World-famous people have often done world-famous things during their visits to Australia. Michael Adams recounts some of the most memorable of those incidents.
“Cranky” Franky versus the “Silver Bodgie”, 1974
Frank Sinatra first pissed off Australians when he pulled out of a 1957 Lee Gordon tour at the last moment. But that was nothing compared with what happened when he came to Australia in 1974. Having been chased for three days by the local press, the 58-year-old singer took to the stage for his first concert at Melbourne’s Festival Hall and hit back “his way” during an interval by denigrating his media tormentors as “fags”, “parasites”, “pimps” and “hookers”.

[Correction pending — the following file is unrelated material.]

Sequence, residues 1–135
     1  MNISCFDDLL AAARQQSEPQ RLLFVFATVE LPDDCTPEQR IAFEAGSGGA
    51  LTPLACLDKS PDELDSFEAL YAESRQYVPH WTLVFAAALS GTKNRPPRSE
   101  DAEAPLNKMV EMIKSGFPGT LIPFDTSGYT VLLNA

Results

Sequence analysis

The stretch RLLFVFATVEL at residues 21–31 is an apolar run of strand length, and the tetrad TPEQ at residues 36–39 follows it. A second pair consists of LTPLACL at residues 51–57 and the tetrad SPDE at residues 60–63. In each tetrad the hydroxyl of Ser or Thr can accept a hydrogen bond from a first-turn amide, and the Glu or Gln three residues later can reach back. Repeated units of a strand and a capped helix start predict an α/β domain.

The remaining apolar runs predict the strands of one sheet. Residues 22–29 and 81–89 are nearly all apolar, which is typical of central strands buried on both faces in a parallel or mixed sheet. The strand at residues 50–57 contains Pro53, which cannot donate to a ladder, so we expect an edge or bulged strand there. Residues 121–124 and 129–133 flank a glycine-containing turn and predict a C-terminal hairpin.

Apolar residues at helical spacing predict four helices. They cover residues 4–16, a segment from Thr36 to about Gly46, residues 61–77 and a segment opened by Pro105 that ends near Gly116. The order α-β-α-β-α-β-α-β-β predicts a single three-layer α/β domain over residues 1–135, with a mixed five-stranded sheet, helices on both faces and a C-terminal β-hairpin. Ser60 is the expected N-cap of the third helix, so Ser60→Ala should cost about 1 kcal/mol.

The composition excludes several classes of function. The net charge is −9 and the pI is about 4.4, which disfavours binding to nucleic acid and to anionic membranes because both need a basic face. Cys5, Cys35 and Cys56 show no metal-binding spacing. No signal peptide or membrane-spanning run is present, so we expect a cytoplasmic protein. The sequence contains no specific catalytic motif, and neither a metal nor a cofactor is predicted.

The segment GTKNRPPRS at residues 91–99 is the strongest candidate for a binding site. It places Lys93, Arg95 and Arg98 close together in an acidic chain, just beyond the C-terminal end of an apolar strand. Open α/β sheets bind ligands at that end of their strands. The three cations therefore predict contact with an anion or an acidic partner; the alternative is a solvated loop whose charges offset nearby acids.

The Australian Journalists’ Association demanded an apology and when it wasn’t forthcoming the rest of the nation’s unions banned their members from providing any service to Sinatra whatsoever. “If you don’t apologise your stay in this country could be indefinite,” then ACTU president (and later Prime Minister) Bob Hawke told the singer. “You won’t be allowed to leave Australia unless you can walk on water.”
Sinatra and his entourage flew back to Sydney on a commercial flight under assumed names and holed up in the Boulevard Hotel. After three tense days under siege, Ol’ Blue Eyes agreed to the Silver Bodgie’s watered-down plan for a kinda-sorta apology to fans inconvenienced by the cancellation of the second Melbourne concert. His Sydney gig went ahead and Sinatra flew out of the country. “A funny thing happened in Australia,” he’d later tell a New York audience. “I made a mistake and got off the plane.”